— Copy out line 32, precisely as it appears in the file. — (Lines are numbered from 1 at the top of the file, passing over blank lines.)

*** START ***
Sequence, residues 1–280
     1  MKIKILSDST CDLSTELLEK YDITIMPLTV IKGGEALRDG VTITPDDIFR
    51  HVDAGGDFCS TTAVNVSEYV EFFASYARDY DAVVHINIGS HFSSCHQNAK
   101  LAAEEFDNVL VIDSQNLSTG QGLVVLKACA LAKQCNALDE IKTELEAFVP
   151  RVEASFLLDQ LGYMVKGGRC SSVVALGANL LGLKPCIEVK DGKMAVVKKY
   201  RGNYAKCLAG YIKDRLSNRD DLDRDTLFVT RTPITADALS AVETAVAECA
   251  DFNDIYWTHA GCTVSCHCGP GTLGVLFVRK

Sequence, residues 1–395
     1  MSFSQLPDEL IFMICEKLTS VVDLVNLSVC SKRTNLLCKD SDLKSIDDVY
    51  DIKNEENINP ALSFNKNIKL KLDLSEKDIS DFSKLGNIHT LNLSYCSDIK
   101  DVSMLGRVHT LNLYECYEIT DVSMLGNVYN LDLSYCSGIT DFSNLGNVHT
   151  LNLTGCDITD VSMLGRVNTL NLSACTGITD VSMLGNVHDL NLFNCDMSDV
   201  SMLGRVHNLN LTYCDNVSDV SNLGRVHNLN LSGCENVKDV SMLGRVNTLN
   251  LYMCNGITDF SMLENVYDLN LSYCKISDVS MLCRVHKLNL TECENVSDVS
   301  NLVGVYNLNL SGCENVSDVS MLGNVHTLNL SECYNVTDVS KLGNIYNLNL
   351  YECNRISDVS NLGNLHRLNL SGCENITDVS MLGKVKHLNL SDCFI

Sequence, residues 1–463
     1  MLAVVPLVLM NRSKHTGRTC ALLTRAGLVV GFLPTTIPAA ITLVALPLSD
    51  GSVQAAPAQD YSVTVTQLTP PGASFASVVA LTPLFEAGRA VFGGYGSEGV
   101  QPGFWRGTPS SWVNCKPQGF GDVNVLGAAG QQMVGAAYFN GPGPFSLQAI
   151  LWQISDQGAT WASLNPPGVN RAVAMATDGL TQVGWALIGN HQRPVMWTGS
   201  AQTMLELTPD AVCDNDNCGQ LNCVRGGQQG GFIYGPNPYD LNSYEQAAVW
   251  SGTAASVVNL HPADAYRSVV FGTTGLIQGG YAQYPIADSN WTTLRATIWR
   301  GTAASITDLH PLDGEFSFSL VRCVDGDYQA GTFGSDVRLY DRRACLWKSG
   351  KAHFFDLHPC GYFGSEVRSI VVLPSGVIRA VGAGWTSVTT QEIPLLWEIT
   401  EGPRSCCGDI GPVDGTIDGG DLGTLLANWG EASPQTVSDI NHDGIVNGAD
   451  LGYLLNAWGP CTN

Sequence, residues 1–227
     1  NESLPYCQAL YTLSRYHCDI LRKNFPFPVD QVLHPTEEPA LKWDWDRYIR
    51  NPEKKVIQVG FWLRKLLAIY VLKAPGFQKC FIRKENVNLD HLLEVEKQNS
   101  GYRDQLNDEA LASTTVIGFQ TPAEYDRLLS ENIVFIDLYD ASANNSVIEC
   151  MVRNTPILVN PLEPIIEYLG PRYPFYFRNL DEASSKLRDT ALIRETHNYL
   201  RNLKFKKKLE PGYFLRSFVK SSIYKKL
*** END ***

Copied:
   151  MVRNTPILVN PLEPIIEYLG PRYPFYFRNL DEASSKLRDT ALIRETHNYL